"What is Readiness?" Examining Views of School Readiness and Prosocial Outcomes in Children
LeBlanc, Chantal M. T.
Mount Saint Vincent University
Beginning kindergarten is an important milestone for children, their families, and schools. The purpose of the present study was to quantitatively examine parents’ and teachers’ perceptions of school readiness based on five core domains of school readiness: (a) physical well-being and motor development, (b) emotional maturity or social and emotional development, (c) approaches to learning, (d) language development and emerging literacy, and (e) cognition and general knowledge. Kindergarten teachers (n = 53) and parents of preschool children (n = 8) completed a questionnaire assessing their views on school readiness. The study aimed to answer four research questions: (1) Do parents perceptions of school readiness influence childhood prosocial outcomes? (2) Are there differences between teachers and parents' views of school readiness? (3) What school readiness skills do teachers and parents view as most necessary to succeed in kindergarten? and (4) Do teachers differ in their perceptions of school readiness? Parents rated all domains of school readiness significantly higher than teachers. These findings suggest that teachers and parents hold different beliefs regarding the overall importance of school readiness skills. Among teachers, level of education and years of teaching experience did not impact teachers’ perceptions of school readiness. Teachers and parents agreed that having basic needs met were imperative to a child’s readiness for kindergarten.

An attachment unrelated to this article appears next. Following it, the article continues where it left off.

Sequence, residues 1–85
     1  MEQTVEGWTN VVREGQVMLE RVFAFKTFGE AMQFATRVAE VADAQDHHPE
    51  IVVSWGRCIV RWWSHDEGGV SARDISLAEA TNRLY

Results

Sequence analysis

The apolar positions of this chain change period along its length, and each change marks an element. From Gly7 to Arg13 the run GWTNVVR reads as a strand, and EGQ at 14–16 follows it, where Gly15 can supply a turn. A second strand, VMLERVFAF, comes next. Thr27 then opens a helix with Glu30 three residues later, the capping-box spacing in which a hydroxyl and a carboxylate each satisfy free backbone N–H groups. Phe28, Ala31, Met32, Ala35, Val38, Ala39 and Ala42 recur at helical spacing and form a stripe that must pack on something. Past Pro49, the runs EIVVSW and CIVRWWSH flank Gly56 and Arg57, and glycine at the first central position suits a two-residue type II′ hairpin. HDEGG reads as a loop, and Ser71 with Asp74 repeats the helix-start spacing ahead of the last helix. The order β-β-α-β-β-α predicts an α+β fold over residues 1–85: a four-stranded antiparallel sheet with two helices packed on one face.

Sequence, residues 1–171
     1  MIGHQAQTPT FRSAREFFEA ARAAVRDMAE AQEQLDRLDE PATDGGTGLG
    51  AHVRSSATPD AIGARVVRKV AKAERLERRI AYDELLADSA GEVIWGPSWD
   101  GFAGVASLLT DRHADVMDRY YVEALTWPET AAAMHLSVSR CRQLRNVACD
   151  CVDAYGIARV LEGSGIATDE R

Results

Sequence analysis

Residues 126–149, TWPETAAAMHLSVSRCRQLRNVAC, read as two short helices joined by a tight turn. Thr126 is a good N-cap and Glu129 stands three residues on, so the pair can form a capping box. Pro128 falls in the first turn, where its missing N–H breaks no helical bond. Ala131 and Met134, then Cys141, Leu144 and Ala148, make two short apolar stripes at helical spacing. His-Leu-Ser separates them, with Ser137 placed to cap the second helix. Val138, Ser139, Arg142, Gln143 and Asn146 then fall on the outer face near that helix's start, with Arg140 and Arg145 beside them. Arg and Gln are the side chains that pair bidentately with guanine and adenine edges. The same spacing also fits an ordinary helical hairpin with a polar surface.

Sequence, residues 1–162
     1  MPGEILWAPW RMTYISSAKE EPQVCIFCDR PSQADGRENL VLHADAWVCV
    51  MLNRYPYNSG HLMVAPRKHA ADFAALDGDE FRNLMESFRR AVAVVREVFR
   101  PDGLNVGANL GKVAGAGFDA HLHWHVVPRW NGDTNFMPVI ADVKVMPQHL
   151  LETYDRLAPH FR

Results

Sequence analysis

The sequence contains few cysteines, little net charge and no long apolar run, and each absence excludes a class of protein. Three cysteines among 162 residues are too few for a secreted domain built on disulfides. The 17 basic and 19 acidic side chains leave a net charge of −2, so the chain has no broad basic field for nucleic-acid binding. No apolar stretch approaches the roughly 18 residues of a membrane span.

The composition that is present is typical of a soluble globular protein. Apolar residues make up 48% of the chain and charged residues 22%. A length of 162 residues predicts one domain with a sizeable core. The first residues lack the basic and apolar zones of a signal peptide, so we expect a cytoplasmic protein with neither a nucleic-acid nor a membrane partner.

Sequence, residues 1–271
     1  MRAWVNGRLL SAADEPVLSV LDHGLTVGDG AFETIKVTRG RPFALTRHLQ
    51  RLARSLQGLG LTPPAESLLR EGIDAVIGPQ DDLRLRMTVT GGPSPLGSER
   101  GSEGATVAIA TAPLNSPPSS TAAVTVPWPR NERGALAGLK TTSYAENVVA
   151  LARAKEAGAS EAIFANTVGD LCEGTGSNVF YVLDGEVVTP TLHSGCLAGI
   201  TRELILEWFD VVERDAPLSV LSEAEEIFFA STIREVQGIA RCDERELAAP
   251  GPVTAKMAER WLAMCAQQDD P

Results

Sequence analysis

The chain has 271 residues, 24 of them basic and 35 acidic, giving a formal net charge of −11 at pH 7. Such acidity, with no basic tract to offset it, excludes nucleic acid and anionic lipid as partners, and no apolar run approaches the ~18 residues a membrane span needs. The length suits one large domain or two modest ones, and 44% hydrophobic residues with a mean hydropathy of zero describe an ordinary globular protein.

Teacher perceptions, school readiness, school-entry skills, parent views, attitudes, prosocial outcomes